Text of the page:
Sunday, December 22, 2013

Part 5 of 5 part story challenge

Final part of fantastic story prompt from Chuck Wendig - Flash Fiction Challenge - 200 words at a time - part five

Part 1 by   murgatroid-98    Part 2 -  LC Hu    Part 3Jeremy Podolski    
Part 4 (and story title) - Meagan Wilson
Part 5 by Yours Truly   

The Jacksons, Ed and Marnie, had been away for two months and no one in the neighborhood had heard from them. Everyone assumed they were still traveling across the country to celebrate Marnie’s retirement. Lena held her breath as she approached the driveway. She had noticed the stench during her morning walk. Something dead. An animal perhaps, a large one by the smell. Plenty of feral cats lived and died in the area. Coyotes, too. Burying the poor thing, whatever it was, seemed kinder than leaving it to rot and stink.
A glistening wetness oozed from under the door as the odor became almost tangible. She gagged. Maggots. Her stomach roiled as she backed away, stumbling onto the lawn. She bent over and heaved onto the grass, gasping for an untainted breath. As she stood back up, she noticed that the front door was slightly ajar.
Lena moved slowly to the door to peek through the crack and listen. Dim light filtered through the curtains into the living room. She pushed the door open and froze, stench and maggots forgotten. Horror and relief fought for dominance, because what lay on the carpeted floor was not one of the Jacksons.

It was a dog.  A huge dog, a (wolf) husky, maybe, in such a state of decay Lena guessed it must have died around the time the Jacksons had disappeared.  Lena strained to remember if the Jacksons had ever had a dog.  She didn’t think she’d ever seen one; but she’d never been very close to the Jacksons.  They could have kept a dog inside, or in the backyard.  Maybe it was—had been—a good dog.  A quiet dog.
Lena knew moving closer was a bad idea, but her curiosity refused to take no for an answer.  She leaned towards the corpse and immediately had to fight the hot acid rise at the back of her throat.  The dog’s belly had been torn open.  The ragged wound gaped blackly, more black slime pooling from the wound.  Farther back in the dark wound, there was the hint of movement.  More maggots.
Staggering back towards the door, Lena sucked in great breaths of fresh air.
She glanced back over her shoulder and immediately regretted it.  From the dark interior of the house, the yellowed fangs of the dog smiled back at her, lips drawn back by rot and dehydration.

But there was something more, an interesting scrap of fabric impaled on the animal’s right incisor. She almost missed it in an effort to shield her eyes from the gore, but the pattern caught her attention as much as anything else.
She steeled herself for a closer look. The swatch was blue silk, adorned with a repeating design of a samurai locked in battle with a serpent, all in gold. It looked expensive, and it certainly didn’t look like it came from something that the Jacksons – who by all accounts were more likely to frequent the Ripley’s Museum than one of art or natural history – would own.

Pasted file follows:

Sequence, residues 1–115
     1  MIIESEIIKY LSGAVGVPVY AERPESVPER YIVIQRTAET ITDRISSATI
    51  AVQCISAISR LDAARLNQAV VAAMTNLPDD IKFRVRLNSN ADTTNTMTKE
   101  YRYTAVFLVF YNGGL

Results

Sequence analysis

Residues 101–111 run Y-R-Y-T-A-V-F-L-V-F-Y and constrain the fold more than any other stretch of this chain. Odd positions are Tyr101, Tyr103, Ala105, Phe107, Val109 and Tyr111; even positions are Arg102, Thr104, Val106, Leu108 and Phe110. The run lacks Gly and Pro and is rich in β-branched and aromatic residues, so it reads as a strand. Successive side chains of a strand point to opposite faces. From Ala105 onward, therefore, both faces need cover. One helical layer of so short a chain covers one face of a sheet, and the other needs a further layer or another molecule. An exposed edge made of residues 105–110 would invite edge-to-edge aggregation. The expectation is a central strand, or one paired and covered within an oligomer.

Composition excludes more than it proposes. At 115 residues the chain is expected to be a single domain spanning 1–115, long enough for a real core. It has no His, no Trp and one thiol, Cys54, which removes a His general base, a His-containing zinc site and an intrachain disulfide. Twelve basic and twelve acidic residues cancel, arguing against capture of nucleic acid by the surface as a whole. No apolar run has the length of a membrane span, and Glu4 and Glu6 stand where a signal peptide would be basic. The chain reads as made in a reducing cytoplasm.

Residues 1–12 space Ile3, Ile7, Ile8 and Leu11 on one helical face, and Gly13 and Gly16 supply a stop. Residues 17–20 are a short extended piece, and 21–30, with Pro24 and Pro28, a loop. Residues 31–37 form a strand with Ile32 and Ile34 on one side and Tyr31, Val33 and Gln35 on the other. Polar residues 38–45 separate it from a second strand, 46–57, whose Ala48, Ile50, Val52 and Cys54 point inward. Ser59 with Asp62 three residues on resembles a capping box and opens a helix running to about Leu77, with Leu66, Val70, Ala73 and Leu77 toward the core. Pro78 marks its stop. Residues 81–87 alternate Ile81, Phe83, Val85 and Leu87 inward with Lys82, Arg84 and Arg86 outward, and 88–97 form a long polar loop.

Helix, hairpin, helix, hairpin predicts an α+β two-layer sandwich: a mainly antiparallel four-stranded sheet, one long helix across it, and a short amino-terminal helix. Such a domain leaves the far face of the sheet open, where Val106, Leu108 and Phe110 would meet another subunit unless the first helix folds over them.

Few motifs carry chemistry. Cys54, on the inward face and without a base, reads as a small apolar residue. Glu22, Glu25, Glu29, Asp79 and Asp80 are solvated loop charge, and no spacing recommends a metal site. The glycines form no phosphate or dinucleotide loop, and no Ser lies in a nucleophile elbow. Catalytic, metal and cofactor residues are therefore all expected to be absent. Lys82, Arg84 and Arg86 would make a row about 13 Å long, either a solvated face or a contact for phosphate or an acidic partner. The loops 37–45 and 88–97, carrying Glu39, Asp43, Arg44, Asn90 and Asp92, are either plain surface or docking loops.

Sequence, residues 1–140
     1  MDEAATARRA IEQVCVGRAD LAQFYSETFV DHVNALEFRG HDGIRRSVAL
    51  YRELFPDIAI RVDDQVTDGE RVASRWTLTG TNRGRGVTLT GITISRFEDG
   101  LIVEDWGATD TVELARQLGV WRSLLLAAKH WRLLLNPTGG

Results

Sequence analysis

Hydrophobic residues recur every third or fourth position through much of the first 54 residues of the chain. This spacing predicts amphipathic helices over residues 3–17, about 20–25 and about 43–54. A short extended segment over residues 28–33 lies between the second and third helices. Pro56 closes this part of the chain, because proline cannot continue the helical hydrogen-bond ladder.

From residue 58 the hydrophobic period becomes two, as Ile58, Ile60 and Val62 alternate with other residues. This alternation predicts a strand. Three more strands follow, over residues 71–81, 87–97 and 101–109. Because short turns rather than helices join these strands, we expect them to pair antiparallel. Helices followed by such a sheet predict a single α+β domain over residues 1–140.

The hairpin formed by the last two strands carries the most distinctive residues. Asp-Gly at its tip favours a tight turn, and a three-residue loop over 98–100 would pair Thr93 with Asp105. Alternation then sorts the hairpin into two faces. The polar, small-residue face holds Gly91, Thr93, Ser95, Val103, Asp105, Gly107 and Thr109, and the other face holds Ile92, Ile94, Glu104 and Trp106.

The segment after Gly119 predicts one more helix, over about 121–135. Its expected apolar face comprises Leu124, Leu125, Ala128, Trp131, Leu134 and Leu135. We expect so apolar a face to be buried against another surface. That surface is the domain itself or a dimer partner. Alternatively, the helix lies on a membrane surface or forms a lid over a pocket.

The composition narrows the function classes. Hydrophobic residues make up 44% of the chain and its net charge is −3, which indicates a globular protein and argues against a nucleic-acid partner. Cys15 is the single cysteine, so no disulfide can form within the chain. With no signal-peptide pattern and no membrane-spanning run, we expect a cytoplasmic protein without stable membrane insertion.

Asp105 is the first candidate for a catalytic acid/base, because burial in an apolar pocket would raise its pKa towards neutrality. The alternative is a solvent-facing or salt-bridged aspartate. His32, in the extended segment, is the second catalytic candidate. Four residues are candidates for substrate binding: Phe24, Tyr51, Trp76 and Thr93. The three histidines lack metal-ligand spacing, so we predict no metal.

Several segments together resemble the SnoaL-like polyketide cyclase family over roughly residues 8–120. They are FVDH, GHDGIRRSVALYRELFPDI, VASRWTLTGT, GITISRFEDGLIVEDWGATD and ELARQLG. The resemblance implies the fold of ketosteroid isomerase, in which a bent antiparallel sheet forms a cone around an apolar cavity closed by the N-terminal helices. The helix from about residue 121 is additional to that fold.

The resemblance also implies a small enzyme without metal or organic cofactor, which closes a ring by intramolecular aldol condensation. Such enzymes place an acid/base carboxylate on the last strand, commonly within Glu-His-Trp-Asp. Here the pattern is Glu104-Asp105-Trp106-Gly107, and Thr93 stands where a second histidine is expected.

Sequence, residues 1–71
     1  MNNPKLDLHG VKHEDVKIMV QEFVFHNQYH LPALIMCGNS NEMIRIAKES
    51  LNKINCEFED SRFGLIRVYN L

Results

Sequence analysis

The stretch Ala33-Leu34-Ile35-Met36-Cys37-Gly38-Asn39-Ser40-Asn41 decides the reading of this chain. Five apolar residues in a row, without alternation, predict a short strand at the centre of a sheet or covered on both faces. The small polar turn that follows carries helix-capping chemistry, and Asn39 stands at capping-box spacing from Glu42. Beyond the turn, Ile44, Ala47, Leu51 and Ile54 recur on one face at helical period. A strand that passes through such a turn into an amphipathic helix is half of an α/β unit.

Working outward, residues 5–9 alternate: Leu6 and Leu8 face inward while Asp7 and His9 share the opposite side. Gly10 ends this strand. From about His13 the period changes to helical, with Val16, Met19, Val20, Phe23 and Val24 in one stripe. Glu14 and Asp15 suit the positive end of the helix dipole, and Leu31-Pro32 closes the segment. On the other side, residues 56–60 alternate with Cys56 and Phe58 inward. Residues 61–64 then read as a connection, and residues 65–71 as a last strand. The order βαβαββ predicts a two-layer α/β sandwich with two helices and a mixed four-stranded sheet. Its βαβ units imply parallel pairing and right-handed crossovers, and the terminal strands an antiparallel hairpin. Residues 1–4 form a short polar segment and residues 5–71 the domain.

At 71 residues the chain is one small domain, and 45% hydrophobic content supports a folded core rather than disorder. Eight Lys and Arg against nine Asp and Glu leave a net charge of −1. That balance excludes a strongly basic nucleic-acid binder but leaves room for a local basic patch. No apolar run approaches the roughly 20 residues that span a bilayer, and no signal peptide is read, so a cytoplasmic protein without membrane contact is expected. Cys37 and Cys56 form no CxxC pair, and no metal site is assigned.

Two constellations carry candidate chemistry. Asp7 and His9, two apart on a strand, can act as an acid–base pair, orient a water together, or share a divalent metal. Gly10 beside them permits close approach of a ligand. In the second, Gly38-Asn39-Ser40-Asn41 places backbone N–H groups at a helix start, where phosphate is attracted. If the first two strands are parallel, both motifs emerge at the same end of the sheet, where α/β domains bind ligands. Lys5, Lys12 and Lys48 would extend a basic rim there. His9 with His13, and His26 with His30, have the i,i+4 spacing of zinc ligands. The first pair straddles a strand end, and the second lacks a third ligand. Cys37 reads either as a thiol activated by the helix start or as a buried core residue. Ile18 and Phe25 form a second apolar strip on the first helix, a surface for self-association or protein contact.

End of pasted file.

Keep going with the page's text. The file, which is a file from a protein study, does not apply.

Lena could tell easily by the frayed edges and jagged outline that the scrap had been torn from something larger: A scarf? A babushka? A kimono? The eviscerated beast had put up a fight, but against what? It was hard to picture the animal locked in combat against a wealthy, well-dressed dowager.
She felt the urge to take the fabric, as if this was her mystery to solve and her clue to commandeer. The thoughts spinning in her mind distracted Lena from her nausea, but they also prevented her from recognizing the presence of another in the foyer.

Lena gasped, and whirled to see a figure emerge from the late afternoon shadows. He was tall, at least by Lena’s standards. His black hair was swept up in a topknot, similar to the samurai that chased a serpent across his blue silk jacket. Sure enough, the jacket, which looked like a short kimono, had a piece torn from the bottom edge. But what really held Lena’s interest, and set her heart thudding, was the sword at the man’s side. A sword he began to unsheathe as he took another step toward her.
Lena swallowed, hard. If the wound in the dog’s belly was any indication, the sword was not for show. She should run. Call the police.
But instead, she heard herself ask, “Why did you kill the dog?” as she inched toward the door.
“He was in my way. As are you,” his voice was deep, and hard as the four-foot length of steel in his hand. Uh-oh. She’d read somewhere that a samurai never drew his sword unless he intended to use it. She tore her eyes from the blade, forced herself to meet his dark eyes.
“So you’re going to slaughter me, like the dog?”

The dark eyes flashed and she shrank back when he strode up to her.

"Go. Before the Jacksons get here." He gripped her arm and pulled her towards the back door. "They'll kill you if they find you here now."

Okay. Obviously a nut case here, in need of medication. Better to just leave quickly. 

A noise from the lounge room brought crazy samurai guy to a stop. He turned and ran back to the lounge, sword raised, with Lena right behind.  

Ed and Marnie stood wide-eyed in the door-way. Dear God. The poor darlings must be terrified.

But the Jacksons stood their ground, even seemed to swell in size. What the . . . ? Still swelling up. Shedding clothes. 

Oh Fuck.

Her neighbours. Transformed into giant green serpents. As tall as the ceiling now, they hissed and and screeched as the sword slashed and cut and hacked. Crimson fountains of serpent blood splattered walls, windows, furniture.

When the samurai finally straightened, both the monsters were dead. And then in a sudden burst of gold light, warrior and serpents vanished.

Leaving Lena in a pool of blood. 

Wondering how she could explain everything to the cops without sounding like a nut case.

No comments:

Post a Comment